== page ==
Friday, August 20, 2010

Annisquam Afternoon

Downtown Annisquam

One of the activities of the International Women’s Club of Boston this summer was a trip to the small coastal village of Annisquam, Massachusetts. One of the members kindly opened her house to us. She had an art show at the local gallery, so the plan was to meet at her house, visit the art gallery, beach and “downtown” Annisquam, and just have a nice day in the country.

Annisquam Art Gallery and Gift Shop

Annisquam is a teeny tiny village on Cape Ann, a coastal area of Massachusetts north of Boston. The most famous town in this area is Gloucester, a former fishing village and now vacation spot and residential community. People live here year round as well as having summer houses on the coast and in the small towns that dot the bays, harbors and islets of this area.

It seems funny to me to describe this as a rural area, although it most assuredly is rural, since I had to drive quite a ways TOWARD Boston to get there. But when I got to Highway 128, the old ring road around Boston, I turned toward the ocean. And although I assumed it was much closer to Boston than we are, it turns out that its actually thirty miles northeast of the city, so its just as far away as we are. Because up in New Hampshire we’re only forty minutes to the ocean its hard to realize that the shore north of Boston juts way out to the east, making everything in that area farther away. The one other time I was near here it took forever to get here, and now I understand why.

My GPS got me to Mary’s doorstep without incident. Her little cottage is her summer house. The house appears tiny from the road but it actually consists of three levels, since its built on the side of a hill. The main living area is down one level and opens out to her back yard and a screened porch. Her studio is on the second level and there were a multitude of bedrooms on the third. The house used to be a boarding house and was over one hundred years old.

Wikipedia says that Annisquam was first settled in 1631. It is across Cape Ann from downtown Gloucester and has always been primarily an artist colony and vacation spot.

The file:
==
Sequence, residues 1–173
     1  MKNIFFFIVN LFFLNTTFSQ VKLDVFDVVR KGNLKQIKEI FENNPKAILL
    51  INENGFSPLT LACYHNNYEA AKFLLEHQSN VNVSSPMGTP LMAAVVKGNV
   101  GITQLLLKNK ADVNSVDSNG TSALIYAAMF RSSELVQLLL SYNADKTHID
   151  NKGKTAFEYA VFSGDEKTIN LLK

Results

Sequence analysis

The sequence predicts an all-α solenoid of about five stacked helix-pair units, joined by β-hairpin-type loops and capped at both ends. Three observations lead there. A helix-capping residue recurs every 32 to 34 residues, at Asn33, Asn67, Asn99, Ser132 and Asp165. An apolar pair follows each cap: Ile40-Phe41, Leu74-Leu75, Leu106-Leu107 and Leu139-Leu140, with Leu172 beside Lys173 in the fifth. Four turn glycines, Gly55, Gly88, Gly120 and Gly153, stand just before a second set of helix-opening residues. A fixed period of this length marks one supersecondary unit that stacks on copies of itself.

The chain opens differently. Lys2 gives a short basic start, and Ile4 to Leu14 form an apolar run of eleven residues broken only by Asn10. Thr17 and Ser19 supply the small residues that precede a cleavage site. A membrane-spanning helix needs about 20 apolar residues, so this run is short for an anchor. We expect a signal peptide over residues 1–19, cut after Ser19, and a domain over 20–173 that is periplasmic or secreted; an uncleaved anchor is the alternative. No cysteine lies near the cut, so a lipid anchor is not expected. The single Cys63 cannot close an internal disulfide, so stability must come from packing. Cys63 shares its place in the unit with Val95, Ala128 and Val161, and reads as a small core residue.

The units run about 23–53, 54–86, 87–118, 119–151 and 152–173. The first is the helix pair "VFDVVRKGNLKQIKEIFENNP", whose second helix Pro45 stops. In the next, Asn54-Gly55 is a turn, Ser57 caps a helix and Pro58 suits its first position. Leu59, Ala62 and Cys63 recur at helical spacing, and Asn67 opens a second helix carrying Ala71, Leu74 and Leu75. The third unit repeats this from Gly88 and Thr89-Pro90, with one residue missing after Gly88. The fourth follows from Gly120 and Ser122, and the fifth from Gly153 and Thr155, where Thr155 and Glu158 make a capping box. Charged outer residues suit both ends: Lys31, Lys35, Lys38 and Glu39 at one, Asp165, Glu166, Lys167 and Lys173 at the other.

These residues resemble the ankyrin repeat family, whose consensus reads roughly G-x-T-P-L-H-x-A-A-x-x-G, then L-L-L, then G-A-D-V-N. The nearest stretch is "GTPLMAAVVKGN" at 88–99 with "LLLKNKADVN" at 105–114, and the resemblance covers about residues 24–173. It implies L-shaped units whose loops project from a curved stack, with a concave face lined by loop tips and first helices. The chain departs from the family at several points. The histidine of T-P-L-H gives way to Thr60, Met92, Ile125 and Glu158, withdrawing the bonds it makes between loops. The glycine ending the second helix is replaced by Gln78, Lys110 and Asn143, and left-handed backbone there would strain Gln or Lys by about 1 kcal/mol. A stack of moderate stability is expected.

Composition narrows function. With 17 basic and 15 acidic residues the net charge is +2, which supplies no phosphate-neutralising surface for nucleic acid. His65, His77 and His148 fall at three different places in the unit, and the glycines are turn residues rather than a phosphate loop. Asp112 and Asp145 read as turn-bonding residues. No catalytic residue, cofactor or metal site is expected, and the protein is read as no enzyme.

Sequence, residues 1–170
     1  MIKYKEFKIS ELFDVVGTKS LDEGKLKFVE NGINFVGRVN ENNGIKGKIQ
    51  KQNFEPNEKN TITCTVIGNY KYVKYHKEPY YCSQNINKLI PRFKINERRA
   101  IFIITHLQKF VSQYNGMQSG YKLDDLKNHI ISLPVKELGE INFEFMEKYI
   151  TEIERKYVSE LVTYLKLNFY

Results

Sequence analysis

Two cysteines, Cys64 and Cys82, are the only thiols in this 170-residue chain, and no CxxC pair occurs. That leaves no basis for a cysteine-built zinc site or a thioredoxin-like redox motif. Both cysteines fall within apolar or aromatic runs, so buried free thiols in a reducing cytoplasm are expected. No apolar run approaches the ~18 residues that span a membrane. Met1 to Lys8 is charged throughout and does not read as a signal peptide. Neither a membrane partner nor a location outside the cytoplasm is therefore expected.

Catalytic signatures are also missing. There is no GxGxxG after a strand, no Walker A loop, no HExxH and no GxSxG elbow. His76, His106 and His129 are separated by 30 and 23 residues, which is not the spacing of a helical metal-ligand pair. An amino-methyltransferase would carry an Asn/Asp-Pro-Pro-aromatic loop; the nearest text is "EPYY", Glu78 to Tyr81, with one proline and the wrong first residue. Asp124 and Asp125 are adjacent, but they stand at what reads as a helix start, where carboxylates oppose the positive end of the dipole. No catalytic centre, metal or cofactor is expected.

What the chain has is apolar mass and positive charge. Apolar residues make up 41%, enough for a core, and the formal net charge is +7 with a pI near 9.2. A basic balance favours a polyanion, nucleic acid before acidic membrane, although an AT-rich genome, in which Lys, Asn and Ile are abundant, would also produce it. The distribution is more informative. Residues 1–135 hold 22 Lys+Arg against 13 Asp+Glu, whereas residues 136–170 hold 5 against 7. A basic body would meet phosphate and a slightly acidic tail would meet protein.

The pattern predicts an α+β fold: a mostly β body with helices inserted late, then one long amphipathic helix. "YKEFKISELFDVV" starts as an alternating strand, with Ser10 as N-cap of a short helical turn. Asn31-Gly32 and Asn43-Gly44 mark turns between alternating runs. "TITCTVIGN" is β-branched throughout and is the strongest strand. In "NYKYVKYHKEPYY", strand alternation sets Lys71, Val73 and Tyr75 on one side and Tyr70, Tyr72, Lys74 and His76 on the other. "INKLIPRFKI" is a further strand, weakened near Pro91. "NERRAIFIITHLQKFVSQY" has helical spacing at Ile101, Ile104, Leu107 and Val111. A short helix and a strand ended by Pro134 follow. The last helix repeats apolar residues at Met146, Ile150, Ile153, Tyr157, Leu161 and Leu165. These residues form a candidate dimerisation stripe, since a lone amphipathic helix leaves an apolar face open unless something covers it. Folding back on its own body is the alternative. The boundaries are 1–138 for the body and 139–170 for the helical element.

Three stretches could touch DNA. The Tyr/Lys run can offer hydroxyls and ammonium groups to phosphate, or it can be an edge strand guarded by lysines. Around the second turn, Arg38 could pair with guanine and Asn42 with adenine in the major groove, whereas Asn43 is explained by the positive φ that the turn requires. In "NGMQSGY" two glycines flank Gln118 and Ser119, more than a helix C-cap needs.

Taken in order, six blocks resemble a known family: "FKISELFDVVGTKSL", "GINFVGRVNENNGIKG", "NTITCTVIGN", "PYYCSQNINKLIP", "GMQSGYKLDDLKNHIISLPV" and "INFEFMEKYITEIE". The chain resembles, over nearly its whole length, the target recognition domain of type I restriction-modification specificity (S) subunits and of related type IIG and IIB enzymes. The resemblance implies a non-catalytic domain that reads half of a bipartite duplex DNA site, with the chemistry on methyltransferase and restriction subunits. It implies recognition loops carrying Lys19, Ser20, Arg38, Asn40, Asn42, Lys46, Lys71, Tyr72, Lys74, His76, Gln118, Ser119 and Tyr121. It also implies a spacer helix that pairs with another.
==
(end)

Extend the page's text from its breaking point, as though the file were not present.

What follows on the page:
After eating lunch at Mary’s we strolled down to her art gallery. It was fun to see her beautiful paintings and listen to her talk about her art and the differences between painting with watercolors and painting with oil, which is what she now primarily does. I kept thinking about Eugenie and the changes that her art has gone through. Mary is primarily a representational artist, although she had a few pictures in a more abstract style with which she was experimenting.

After the art gallery we were free to do whatever we wanted for the rest of the afternoon. A few of us chose to explore the beach. The Annisquam beach was just beautiful! To get there we walked along a path through a meadow. Wildflowers bloomed profusely in the meadow and all the way up to the rocks before the beach. It was low tide and the expanse of beach was huge. But the jewel in the crown so to speak was a perfectly picturesque light house, situated directly to the right.

After strolling along the water and getting our toes wet, I laid down on the beach with a couple of the other ladies.   The wind and sun were warm and comfortable but I was restless. I decided to walk down to the marina and see the rest of the town.

The little harbor was filled with sailboats and small fishing vessels. Children played on a bridge across the harbor, but it was mostly quiet and peaceful. Flowers nodded in the afternoon sunshine. I peeked into the marina restaurant, but it was closed. Getting sleepy and wanting to avoid rush hour traffic, I strolled back to Mary’s, thanked her for the wonderful afternoon, and headed home.

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